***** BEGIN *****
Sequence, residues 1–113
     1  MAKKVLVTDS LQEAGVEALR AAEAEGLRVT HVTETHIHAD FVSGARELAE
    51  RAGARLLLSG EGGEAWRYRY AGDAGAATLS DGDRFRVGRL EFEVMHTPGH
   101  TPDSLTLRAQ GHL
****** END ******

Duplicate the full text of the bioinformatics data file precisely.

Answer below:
Sequence, residues 1–113
     1  MAKKVLVTDS LQEAGVEALR AAEAEGLRVT HVTETHIHAD FVSGARELAE
    51  RAGARLLLSG EGGEAWRYRY AGDAGAATLS DGDRFRVGRL EFEVMHTPGH
   101  TPDSLTLRAQ GHL